Mehdipour v. Sweeney et al
ORDER denying 24 Plaintiff's Motion to Alter and/or Amend Judgment (as more fully set out). Signed by Honorable Vicki Miles-LaGrange on 7/18/2017. (ks)
IN THE UNITED STATES DISTRICT COURT
FOR THE WESTERN DISTRICT OF OKLAHOMA
KEITH SWEENEY, Oklahoma City
Police Officer, in his individual capacity,
J. BEFEBVRE, Oklahoma City
Police Officer, in his individual capacity,
R. HOLT, Oklahoma City Police
Lieutenant, in his individual capacity,
Case No. CIV-16-411-M
Before the Court is Plaintiff’s Motion to Alter and/or Amend Judgment, filed February 8,
2017. On February 23, 2017, defendant Keith Sweeney (“Sweeney”) responded. No reply was
filed. Based on the parties’ submissions, the Court makes its determination.
Plaintiff moves this Court, pursuant to Federal Rule of Civil Procedure 59(e) 1, to alter or
amend its January 19, 2017 Order granting Sweeney’s motion to dismiss on the grounds that
plaintiff’s claim for malicious prosecution was barred by the statute of limitations. However, since
the Court did not enter a final judgment in this matter, the Court finds that plaintiff’s motion is
actually seeking relief under Rule 60(b) 2 and should be analyzed as a motion to reconsider.
Federal Rule of Civil Procedure 59 pertains to a New Trial; Altering or Amending
Judgment. Rule 59(e) provides that “A motion to alter or amend a judgment must be filed no later
than 28 days after the entry of the judgment.” Fed. R. Civ. P. 59(e).
Federal Rule of Civil Procedure 60(b)(6) provides:
On motion and just terms, the court may relieve a party or its legal
representative from a final judgment, order, or proceeding for . . .
any other reason that justifies relief.
Fed R. Civ. P. 60(b)(6).
“Grounds warranting a motion to reconsider include (1) an intervening change in the controlling
law, (2) new evidence previously unavailable, and (3) the need to correct error or prevent manifest
injustice.” Servants of the Paraclete v. John Does I-XVI, 204 F.3d 1005, 1012 (10th Cir. 2000).
A motion to reconsider is appropriate “where the court has misapprehended the facts, a party’s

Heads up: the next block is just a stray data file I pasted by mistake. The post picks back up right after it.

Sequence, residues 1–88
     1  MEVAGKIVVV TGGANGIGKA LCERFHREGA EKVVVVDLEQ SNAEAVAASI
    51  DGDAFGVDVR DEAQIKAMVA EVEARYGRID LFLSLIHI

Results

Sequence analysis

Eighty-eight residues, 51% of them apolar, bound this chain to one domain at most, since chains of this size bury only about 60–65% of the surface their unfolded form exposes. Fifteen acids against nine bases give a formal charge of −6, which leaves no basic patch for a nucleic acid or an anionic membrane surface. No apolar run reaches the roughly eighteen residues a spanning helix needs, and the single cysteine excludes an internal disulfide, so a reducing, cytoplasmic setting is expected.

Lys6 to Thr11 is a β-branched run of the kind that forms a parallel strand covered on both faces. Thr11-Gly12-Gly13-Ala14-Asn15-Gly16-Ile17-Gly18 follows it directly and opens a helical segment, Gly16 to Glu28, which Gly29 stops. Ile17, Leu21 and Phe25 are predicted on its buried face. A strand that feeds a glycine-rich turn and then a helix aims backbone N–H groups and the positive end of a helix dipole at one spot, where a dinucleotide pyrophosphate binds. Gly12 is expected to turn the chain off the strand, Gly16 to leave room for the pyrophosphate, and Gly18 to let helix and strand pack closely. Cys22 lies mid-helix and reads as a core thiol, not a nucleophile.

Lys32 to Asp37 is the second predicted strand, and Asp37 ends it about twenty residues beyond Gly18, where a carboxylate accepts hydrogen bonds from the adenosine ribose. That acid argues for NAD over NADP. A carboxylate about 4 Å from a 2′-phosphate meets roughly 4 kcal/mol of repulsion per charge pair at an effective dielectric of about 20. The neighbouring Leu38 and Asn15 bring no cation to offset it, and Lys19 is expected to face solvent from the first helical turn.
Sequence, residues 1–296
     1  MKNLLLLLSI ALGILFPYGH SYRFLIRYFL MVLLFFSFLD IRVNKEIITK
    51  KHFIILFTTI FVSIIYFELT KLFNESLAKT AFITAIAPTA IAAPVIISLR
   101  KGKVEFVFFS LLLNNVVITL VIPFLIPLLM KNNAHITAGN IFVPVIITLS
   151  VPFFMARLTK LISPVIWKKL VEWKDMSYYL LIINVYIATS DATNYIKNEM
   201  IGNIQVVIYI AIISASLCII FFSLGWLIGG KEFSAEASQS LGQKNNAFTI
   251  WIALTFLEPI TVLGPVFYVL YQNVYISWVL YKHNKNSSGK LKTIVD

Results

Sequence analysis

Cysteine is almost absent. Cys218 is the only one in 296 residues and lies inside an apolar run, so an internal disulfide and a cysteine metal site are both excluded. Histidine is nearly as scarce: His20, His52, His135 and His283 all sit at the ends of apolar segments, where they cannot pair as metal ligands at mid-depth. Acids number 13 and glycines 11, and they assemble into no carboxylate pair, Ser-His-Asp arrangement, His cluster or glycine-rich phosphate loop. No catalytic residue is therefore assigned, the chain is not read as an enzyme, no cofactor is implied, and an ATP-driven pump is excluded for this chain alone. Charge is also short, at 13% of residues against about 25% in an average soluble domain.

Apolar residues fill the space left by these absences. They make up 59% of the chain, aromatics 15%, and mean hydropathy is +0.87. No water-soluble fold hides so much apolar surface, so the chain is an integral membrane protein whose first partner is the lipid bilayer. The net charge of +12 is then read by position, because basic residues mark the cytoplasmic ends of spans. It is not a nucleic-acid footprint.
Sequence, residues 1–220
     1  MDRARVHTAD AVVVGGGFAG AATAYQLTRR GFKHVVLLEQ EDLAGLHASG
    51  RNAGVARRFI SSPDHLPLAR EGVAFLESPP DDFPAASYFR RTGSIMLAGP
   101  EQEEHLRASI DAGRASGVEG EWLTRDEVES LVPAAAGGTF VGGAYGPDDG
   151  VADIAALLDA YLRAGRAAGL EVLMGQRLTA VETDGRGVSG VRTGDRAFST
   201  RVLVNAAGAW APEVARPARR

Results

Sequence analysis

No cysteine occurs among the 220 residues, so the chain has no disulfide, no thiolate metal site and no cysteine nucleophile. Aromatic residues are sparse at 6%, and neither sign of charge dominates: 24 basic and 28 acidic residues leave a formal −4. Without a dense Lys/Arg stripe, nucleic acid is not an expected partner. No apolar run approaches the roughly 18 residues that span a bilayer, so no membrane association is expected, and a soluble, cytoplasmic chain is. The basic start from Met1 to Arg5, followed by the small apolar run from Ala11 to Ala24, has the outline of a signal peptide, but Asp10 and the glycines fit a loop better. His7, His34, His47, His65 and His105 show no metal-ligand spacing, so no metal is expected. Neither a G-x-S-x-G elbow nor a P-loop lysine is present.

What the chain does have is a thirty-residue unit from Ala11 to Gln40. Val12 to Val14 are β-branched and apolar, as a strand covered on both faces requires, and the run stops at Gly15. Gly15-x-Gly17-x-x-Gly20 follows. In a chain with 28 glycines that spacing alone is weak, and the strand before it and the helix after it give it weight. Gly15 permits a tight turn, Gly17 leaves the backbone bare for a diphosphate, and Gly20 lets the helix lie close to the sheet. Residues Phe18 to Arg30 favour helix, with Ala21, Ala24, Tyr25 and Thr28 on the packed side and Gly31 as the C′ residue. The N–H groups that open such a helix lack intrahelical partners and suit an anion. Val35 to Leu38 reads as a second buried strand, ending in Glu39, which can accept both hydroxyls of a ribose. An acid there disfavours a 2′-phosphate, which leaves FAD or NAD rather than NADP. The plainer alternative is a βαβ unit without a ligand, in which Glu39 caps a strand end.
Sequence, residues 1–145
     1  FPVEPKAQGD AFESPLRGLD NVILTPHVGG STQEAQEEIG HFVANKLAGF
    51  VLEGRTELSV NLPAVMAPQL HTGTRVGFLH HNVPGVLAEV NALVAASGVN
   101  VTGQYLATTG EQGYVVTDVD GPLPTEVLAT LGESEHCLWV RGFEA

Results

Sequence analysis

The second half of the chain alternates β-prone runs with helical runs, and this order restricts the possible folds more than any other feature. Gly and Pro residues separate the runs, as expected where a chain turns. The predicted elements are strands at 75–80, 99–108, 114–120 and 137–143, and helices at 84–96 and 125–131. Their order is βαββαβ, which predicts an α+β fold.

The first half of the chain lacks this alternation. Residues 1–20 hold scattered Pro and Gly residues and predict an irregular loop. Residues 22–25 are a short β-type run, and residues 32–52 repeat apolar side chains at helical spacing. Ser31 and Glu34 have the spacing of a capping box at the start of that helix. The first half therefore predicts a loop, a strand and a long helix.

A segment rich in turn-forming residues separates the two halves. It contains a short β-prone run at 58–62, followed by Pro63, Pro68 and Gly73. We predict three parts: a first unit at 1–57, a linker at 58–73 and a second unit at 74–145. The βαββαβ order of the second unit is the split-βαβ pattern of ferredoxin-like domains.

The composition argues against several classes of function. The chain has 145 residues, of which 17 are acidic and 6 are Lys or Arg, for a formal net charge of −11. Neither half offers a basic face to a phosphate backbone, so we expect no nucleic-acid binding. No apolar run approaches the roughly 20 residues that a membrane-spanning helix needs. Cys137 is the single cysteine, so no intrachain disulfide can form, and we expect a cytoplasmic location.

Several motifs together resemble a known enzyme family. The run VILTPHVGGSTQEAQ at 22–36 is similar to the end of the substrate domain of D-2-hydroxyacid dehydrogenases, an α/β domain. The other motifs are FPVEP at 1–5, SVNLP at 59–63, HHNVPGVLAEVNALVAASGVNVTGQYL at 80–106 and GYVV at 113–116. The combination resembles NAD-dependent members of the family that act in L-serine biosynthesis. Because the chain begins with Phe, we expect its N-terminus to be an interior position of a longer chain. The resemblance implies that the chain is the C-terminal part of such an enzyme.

position, or the controlling law” but is not appropriate “to revisit issues already addressed or
advance arguments that could have been raised in prior briefing.” Id.
Plaintiff specifically asserts that the Court’s ruling was a manifest error, as the statute of
limitations for his malicious prosecution claim did not begin to run until April 25, 2014, when the
state court judge memorialized in writing his dismissal of the state charges and recalled the warrant
against plaintiff. 3 Sweeney contends that even if plaintiff was not put on notice that the time for
his malicious prosecution claim had begun to run on March 19, 2014, when the state court judge
orally dismissed the counts against plaintiff and the case was closed, he was certainly put on notice
on April 3, 2014, when the state court judge issued an order memorializing his ruling in writing
sustaining plaintiff’s motions to suppress, quash, and dismiss the state court action.
Having carefully reviewed the parties’ submissions, the Court finds that plaintiff has not
presented any new grounds warranting reconsideration of the Court’s January 19, 2017 Order.
Specifically, in its Order, the Court found that the time for plaintiff’s malicious prosecution claim
began to run on March 19, 2014, when the state court judge sustained plaintiff’s motions to
suppress, quash, and dismiss, as at that point the state court had dismissed the state court action
Plaintiff also asserts that instead of dismissal, this Court should have either granted
plaintiff leave to amend his complaint or dismissed this action without prejudice. The Court
acknowledges plaintiff’s assertions and advises plaintiff that in his response brief to Sweeney’s
motion to dismiss, plaintiff did not seek leave to amend his complaint, and further, the Court’s
Order did not specifically dismiss this action with prejudice, and if plaintiff’s counsel was unsure
about the disposition of this matter, an inquiry to the Court would have informed plaintiff’s counsel
of the correct disposition.
against plaintiff and closed the case. The Court finds that the state court’s action on March 19,
2014, unambiguously put plaintiff on notice that the time for his malicious prosecution claim had
started running. Therefore, the Court finds that plaintiff’s motion to reconsider should be denied.
Accordingly, for the reasons set forth above, the Court DENIES Plaintiff’s Motion to Alter
and/or Amend Judgment [docket no. 24].
IT IS SO ORDERED this 18th day of July, 2017.
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